Red is great and all, but I’m a real sucker for Italian cars in blue. The dark blue was my favorite color on the Giulia… until I saw this one at the New York Auto Show. It’s called Misano Blue, and it looks just as spectacular as the red, you know, just in a more blue type of way.
Seeing a high-level exotic car, like this Lamborghini Aventador SV Roadster at a car event is a thrill, but seeing it out in the wild is something totally different. Only when such a machine is surrounded by everyday normal things can you fully appreciate the true magnitude of its insanity. There’s also the psychological factor of expectation, at a car show you expect to see remarkable cars, but I was standing in a cigar shop with my buddies when this thing rode by. I suddenly recognized the note of a ferocious V12 going by, and I looked out the window just in time to see the blue shape of an Aventador with a massive wing on the back… it had to be an SV!
We went looking for the car, and checked the valet parking lot of one fancy restaurant I’ve seen other exotics at. My hunch paid off, and we got to enjoy taking the car in for a few minutes. This SV was a spectacular spec, matte candy blue over black interior with blue and carbon accents.
There are always many nice cars cruising around New Hope, PA, but this is definitely one of the nicest I’ve seen there.
Also of note, this was the third Aventador SV I had the privilege of laying eyes on this weekend, so that was nice…
Continue reading Lamborghini Aventador SV spotted in New Hope, PA
Back in October, there was one car at Scarsdale that made everything look like a toy. Even the Ferraris and Jaguar sports cars trembled in its wake. It may not outrun the Corvettes, or the Z28 at teh show, but it will certainly sit in their rear view mirrors, making them tremble and wonder which politician’s palm they forgot to grease. Say hello to this big, mean, imposing 1964 Cadillac Fleetwood 75 four-door hardtop. I did. Then I checked my messages to see if I’d forgotten about a sports book debt I owed.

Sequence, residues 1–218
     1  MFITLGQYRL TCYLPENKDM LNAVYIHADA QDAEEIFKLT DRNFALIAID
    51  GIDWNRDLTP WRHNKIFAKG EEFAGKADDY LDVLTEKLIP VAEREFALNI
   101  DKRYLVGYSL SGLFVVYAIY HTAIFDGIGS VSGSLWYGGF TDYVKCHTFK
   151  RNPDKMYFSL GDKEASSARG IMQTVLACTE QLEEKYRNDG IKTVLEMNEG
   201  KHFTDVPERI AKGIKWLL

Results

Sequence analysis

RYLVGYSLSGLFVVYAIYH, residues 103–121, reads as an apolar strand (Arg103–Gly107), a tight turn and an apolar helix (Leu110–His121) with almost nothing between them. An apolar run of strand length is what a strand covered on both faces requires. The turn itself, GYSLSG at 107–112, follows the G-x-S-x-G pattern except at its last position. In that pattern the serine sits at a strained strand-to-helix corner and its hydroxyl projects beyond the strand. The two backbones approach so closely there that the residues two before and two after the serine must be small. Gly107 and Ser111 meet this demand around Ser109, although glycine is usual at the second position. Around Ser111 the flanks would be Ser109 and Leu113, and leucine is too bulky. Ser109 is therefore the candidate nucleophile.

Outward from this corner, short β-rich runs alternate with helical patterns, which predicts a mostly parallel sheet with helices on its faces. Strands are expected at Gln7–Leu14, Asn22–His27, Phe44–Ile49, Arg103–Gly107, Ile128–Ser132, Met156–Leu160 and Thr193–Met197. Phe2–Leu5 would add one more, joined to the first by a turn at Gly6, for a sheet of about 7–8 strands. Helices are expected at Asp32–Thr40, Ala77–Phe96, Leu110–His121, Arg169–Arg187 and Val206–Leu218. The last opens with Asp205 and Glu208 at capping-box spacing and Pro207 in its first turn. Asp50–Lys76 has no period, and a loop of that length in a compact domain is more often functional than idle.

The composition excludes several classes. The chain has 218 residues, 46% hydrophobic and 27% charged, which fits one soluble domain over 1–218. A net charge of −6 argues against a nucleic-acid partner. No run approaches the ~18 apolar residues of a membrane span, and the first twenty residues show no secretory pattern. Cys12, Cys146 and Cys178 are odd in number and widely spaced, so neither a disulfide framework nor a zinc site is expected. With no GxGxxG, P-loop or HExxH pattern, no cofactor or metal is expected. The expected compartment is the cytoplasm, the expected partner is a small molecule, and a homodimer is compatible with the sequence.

Time to pay up.
The Rimac is the first electric hypercar. It’s proven to be a little quicker than a Porsche 918 in the 1/4 mile, and it has a good amount of hype surrounding it at this point.
This was the first Rimac I’ve seen in person, and it’s cool, but it doesn’t have the same sort of breathtaking detail as the new Bugatti Chiron or the Koenigsegg Agera.
I respect Rimac for what they’re doing. Electric supercars definitely need to carve out their place in the world, and the Concept One is leading the charge. That said, a supercar without an engine and gearshift is missing 90% of the drama that makes such a car so special. Fast only goes so far in my opinion, and that will always hold electric cars back for me.
I got my first in-person look at the new Bugatti Chiron at the New York International Auto Show. Naturally it was from behind the fence meant to keep the proletariat at bay, but what I could see was spectacular. There seems to be another level of fine detail in the Chiron over that of the Veyron. It’s even more of a work of art, and that has become increasingly important for cars at this ultimate level.